The leader of ultra-right wing Golden Dawn party Nikos Michaloliakos is escorted by masked police officers from the police headquarters in Athens on Saturday.
Angelos Tzortzinis AFP/Getty Images

Greek police arrested the leader of the neo-fascist Golden Dawn party Saturday on charges of establishing a criminal organization. The police also issued warrants for more than 30 party members — including six members of parliament — on charges of murder, money laundering and other crimes.

Greek TV stations interrupted regular programming to show live scenes of the Golden Dawn members led away in handcuffs. It's the first time since 1974 — when a seven-year military dictatorship ended — that sitting members of parliament have been arrested.

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It's All Politics
1:04 pm
Sat September 28, 2013

My Governor Can Beat Up Your Governor (Or Thinks He Can)

In friendlier times, Maryland Gov. Martin O'Malley, left, and Texas Gov. Rick Perry participate in a 2011 panel discussion in Washington, D.C. At the time, O'Malley was chairman of the Democratic Governors Association; Perry was chairman of the Republican Governors Association. Now they're in a spat over Perry's efforts to lure Maryland businesses to Texas.
Alex Brandon AP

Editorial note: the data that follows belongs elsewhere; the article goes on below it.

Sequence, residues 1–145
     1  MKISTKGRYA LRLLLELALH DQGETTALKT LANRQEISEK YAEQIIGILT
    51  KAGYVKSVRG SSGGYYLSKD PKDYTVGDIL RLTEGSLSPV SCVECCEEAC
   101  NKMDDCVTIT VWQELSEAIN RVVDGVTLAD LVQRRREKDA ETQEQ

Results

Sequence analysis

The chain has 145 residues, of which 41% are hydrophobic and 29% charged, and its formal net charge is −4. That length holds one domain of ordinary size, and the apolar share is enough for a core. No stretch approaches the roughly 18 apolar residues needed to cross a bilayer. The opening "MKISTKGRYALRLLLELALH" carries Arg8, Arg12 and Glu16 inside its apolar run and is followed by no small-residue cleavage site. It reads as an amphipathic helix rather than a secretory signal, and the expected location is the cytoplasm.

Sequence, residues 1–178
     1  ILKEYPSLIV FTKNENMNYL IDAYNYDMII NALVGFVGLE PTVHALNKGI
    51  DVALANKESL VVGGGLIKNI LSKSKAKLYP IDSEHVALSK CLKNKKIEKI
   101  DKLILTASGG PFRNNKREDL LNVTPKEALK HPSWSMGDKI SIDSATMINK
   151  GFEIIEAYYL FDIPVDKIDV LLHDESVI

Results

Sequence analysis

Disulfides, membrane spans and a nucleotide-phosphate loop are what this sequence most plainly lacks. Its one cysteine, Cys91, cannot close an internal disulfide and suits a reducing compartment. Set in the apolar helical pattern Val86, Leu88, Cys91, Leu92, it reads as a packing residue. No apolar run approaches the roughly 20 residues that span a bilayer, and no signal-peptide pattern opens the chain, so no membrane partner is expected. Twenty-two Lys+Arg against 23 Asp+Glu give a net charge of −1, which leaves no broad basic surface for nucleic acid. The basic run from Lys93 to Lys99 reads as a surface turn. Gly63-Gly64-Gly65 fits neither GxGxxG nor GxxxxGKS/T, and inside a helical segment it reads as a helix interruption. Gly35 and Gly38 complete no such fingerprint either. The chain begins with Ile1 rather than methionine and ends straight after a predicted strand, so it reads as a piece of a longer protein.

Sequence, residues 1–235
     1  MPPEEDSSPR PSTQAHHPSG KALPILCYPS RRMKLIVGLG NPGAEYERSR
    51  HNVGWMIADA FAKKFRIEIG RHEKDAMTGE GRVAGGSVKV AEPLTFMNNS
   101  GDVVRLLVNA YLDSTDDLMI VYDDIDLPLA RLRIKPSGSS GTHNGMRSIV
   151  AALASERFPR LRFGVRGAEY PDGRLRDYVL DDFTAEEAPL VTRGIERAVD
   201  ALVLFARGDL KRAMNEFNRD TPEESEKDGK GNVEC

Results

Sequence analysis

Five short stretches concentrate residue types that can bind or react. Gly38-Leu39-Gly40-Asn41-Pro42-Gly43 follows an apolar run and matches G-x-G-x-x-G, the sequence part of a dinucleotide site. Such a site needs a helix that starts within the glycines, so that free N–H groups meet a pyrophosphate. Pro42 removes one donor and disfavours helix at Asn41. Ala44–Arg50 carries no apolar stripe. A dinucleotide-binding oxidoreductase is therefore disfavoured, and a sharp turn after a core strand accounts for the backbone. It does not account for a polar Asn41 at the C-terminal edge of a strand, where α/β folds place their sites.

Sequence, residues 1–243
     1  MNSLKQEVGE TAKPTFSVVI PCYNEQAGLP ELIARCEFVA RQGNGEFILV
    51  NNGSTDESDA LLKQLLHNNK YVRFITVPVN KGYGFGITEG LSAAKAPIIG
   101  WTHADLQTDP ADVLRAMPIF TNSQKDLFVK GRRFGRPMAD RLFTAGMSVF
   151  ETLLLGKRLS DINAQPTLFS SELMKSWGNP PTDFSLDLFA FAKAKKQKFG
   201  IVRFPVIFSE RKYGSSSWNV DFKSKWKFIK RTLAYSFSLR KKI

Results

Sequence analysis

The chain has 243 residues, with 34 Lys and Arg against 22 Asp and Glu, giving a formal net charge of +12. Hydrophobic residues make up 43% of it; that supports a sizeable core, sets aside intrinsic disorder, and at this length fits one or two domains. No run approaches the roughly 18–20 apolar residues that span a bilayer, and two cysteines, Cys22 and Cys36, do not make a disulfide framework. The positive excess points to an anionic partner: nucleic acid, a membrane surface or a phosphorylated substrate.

Rick Perry wants your business.

The Republican governor has been turning up in other states, touting the wonders of Texas and promising business owners they'll find lower taxes and more manageable regulation there.

"It does help get the word out to business leaders that may be frustrated," says David Carney, a longtime consultant to Perry. "Going in person can get literally hundreds of thousands of dollars of free media coverage."

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Wait Wait...Don't Tell Me!
12:18 pm
Sat September 28, 2013

Prediction

Our panelists predict will be done with the new island off Pakistan.

Wait Wait...Don't Tell Me!
12:18 pm
Sat September 28, 2013

Lightning Fill In The Blank

All the news we couldn't fit anywhere else.

Wait Wait...Don't Tell Me!
12:18 pm
Sat September 28, 2013

Limericks

Carl reads three news-related limericks: Swiffer for men; magic bus; you call your mom with that phone?

The Two-Way
11:07 am
Sat September 28, 2013

House Ties Government Funding To One-Year Obamacare Delay

Speaker of the House John Boehner arrives at the Capitol on Saturday.